In 2016, the UN’s Principles for Responsible Investment (PRI) celebrated its tenth anniversary and stated that “responsible investors” would incorporate ESG issues into investment analysis, decision making, ownership policies and practices and seek ESG disclosures from entities in which they invest. But what exactly do the different groups of investors (to say nothing of the investees) understand by ESG? In an article we wrote on ESG and brand value (October 2017), we listed overlapping, but differing definitions by the PRI, rating agency MSCI, the FT Russell Index and Investopedia.
However, whatever the definition, the growing belief in the phenomenon of global warming and the resulting impact of climate change has been a major driver in the adoption of an ESG approach to investing. By 2019, MSCI had ESG as the fastest growing part of its operations and its founder declared that his aim was for MSCI to be the biggest provider of ESG tools, even to the extent of being its defining service.
By 2021 Morningstar was talking about investment in ESG funds as amounting to $2.7tn. So a huge weight of money was lurching around on inconsistent metrics with an uncertain impact on board decisions.
During this time, S&P Dow Jones Indices produced an ESG version of its S&P 500 index. It stripped out some stocks like tobacco and armaments which fell outside normal ESG criteria, then applied a series of filters that excluded more, and created a composite score for the remainder, based on data from an ESG specialist. These scores could then be the basis of index fund investing, taking ESG into account.
However, by 2022 it became the subject of criticism because the new (ish) index was excluding Tesla, arguably a significant contributor to reducing global warming with its electric cars, but including ExxonMobil, a major producer of carbon-based fuels. The personal choices of the MSCI analysts which defined the selection criteria (based presumably on the somewhat erratic board practice of Elon Musk and his company compared with that of the more orthodox Exxon) led to this conclusion which frankly seems daft.
Around this time, a German asset manager, which had sold its shares in Vale after the waste dam collapse in Brazil which killed over two hundred people, came out against greenwashing in German industry. So the question was starting to be raised: what exactly is ESG, and how can we be sure that companies are genuinely pursuing “green” policies?
The EU’s Sustainable Finance Disclosure Regulations SFDR came into force in April 2022 to encourage investment in sustainable industries – but really is just another set of industry guidelines and an influence on investment decisions on the part of investing institutions, intended to make greenwashing more difficult. And promptly in May 2022, Deutsche Bank was raided by the authorities regarding greenwashing allegations by a whistle-blower in one of its subsidiaries, leading to the resignation of the CEO concerned.
So in the past ten years or so, we have a huge switch by passive investing institutions into so-called ESG stocks, with no agreed definition of what ESG actually means, and most recently, following the impact of the Russian invasion of the Ukraine, a reconsideration of defence companies as being “good” for contributing to peace and security and gas companies as “good(ish)” for bridging the gap in supplies of energy until the sunlit uplands of truly green energy and national energy sufficiency are reached.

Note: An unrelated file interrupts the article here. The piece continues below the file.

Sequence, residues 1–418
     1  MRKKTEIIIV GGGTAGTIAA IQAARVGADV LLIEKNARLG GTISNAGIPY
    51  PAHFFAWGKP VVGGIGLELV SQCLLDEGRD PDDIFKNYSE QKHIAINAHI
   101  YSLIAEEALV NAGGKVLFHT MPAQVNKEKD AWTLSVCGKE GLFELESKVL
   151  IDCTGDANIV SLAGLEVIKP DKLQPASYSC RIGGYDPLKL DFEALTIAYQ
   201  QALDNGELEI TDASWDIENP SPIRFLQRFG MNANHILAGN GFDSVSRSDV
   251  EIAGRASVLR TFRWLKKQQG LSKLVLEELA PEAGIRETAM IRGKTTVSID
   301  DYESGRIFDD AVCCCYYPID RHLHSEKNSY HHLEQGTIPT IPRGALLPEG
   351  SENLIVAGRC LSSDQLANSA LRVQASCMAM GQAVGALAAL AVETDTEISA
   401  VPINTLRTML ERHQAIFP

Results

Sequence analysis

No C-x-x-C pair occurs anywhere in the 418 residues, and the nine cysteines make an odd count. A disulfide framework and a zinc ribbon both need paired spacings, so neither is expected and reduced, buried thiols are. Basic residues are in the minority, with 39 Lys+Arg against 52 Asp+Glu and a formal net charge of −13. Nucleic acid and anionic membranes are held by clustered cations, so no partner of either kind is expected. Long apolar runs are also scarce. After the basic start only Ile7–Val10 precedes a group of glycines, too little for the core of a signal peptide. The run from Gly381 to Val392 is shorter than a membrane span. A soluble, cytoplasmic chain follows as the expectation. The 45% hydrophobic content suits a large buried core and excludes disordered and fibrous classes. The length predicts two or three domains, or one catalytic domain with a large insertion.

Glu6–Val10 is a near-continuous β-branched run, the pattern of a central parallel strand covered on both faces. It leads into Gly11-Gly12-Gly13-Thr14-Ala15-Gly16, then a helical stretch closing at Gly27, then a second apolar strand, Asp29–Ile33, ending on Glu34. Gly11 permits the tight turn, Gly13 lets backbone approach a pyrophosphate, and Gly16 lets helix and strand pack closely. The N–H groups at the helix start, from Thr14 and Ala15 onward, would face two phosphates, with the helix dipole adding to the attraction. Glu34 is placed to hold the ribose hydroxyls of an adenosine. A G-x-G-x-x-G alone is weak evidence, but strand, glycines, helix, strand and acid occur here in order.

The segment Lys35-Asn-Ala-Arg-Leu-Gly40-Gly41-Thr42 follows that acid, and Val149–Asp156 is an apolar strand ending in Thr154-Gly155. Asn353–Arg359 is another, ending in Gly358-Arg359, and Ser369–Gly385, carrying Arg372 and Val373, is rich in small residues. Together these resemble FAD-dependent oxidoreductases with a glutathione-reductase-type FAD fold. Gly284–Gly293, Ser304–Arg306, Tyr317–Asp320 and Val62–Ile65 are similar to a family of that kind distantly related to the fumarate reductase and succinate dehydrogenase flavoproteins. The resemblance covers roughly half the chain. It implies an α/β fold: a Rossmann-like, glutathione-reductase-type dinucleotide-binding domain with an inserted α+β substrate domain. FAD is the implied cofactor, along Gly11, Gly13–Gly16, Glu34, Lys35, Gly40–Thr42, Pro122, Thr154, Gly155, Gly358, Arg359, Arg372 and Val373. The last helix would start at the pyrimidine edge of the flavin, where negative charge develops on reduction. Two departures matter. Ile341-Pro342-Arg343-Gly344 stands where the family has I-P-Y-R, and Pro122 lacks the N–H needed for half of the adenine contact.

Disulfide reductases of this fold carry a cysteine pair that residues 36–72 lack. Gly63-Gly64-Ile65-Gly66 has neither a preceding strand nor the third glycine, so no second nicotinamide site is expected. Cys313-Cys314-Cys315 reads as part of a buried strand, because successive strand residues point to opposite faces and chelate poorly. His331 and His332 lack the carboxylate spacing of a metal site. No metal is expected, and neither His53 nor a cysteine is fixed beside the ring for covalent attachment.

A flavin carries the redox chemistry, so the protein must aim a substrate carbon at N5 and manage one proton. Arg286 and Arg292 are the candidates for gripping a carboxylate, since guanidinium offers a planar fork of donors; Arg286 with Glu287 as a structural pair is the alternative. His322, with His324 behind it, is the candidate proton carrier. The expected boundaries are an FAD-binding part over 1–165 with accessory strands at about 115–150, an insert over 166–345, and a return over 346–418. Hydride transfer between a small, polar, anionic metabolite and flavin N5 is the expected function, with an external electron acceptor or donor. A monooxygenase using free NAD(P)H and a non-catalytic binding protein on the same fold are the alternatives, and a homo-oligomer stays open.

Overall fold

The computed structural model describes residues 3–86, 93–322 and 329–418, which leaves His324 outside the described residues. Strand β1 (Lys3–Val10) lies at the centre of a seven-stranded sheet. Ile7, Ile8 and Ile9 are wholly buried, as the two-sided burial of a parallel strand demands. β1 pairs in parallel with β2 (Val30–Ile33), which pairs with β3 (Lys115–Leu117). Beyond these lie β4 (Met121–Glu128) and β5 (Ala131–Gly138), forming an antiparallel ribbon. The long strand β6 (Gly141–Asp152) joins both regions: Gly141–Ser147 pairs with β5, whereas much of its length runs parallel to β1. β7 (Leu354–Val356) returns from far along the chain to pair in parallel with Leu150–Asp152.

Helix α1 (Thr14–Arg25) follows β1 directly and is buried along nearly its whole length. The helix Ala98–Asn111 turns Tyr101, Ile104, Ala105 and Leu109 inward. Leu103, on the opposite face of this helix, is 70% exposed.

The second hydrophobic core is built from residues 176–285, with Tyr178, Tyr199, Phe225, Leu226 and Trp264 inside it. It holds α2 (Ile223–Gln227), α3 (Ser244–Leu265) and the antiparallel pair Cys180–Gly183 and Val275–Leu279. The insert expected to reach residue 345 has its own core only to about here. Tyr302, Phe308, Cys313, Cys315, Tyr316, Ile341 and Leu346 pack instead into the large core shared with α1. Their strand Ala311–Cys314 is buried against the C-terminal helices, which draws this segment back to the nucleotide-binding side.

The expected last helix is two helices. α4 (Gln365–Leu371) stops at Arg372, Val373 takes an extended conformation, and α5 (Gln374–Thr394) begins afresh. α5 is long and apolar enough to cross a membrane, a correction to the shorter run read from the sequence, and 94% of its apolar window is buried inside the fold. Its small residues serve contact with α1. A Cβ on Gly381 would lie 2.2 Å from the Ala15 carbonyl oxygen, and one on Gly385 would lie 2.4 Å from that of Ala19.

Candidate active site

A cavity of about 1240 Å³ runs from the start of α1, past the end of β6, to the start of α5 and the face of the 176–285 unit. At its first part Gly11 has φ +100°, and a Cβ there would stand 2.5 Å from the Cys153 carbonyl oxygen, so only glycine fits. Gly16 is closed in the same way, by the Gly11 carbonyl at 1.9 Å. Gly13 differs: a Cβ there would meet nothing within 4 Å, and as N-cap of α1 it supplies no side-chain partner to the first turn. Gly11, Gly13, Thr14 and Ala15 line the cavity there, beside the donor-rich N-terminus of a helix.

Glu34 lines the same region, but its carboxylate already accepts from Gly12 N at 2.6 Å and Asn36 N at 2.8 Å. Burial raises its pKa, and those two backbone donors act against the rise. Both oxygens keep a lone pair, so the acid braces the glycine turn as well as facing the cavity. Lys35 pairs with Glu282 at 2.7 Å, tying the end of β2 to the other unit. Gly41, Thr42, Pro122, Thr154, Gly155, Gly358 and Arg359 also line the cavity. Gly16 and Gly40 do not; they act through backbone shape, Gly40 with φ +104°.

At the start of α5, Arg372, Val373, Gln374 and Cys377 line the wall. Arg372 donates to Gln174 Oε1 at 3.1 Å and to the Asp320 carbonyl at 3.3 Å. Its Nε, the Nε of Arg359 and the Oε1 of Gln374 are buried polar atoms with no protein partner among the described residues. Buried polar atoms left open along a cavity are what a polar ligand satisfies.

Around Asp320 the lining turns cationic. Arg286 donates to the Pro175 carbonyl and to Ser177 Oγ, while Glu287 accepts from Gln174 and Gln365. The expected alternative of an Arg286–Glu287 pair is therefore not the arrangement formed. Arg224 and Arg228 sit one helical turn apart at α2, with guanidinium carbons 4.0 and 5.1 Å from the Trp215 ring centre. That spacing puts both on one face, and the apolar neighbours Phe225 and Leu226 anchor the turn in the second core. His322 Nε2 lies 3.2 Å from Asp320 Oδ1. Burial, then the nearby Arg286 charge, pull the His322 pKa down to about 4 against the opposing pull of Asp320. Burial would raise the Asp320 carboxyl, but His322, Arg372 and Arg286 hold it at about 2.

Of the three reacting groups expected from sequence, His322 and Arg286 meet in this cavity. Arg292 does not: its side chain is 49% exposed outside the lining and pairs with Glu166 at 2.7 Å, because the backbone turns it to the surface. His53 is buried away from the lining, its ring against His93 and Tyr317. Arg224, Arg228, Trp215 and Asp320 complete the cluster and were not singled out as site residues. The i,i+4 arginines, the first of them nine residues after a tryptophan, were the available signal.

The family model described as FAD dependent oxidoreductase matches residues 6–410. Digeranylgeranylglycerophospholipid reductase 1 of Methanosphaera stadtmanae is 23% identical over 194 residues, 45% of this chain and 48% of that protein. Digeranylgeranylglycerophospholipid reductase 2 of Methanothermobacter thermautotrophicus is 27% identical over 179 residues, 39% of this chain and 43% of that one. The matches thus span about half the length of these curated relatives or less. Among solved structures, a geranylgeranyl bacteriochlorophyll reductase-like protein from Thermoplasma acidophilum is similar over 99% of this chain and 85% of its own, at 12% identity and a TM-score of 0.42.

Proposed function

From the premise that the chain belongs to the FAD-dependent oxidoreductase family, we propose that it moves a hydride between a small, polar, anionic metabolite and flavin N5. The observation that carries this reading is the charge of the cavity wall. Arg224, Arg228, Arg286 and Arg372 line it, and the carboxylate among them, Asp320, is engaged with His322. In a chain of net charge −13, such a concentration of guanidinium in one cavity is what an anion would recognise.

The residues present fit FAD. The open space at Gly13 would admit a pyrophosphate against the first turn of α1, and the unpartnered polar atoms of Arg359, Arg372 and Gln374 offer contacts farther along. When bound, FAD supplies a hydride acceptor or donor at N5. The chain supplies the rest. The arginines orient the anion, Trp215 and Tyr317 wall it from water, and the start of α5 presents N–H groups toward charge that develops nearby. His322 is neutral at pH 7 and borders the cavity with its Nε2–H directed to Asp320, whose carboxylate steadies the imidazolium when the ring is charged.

Holistic Corporate Governance
Here we need to revisit, briefly, what we mean by Corporate Governance.
The origin of the word governance goes back to Ancient Greece, where the word kubernaein means to steer, in relation to a ship. Since then to “govern” has been applied to the control of peoples and latterly companies.
However, if we consider the original meaning, we can perhaps imagine the voyage of a Greek sea-going merchant, hiring a vessel for a commercial purpose, and five elements required for a successful enterprise on the part of the merchant “governing” the voyage:
- honesty on the part of the merchant hiring the vessel, so the hired vessel was used for the purpose declared to the owner
- a clear idea why the voyage was being undertaken, and where the vessel was heading
- a reliable plan for the voyage with trustworthy maps
- a boat that was ship-shape and seaworthy, with a competent captain and crew, and adequate provisions
- a contract agreed with the owner of the vessel entailing keeping the owner informed about progress and accounting for the condition of the vessel on its safe return.
The parallels with the conditions for a successful business enterprise today are clear, and the requirements of the Board exercising “governance”, namely:
- an honest or ethical business culture and morality of organisational behaviour
- a clear goal, and purpose, taking account of the interests of, and agreed by, all the key stakeholders
- a practical strategic plan to achieve the business’s goal, recognising the market opportunities and pressures, and the strengths and weaknesses of the resources available
- an organisation that is appropriately structured and adequately resourced, in terms of people, skills, processes, assets and finance, to deliver the chosen strategy
- trustworthy and reliable reporting systems to provide accountability and transparency to the stakeholders who have an interest in the business.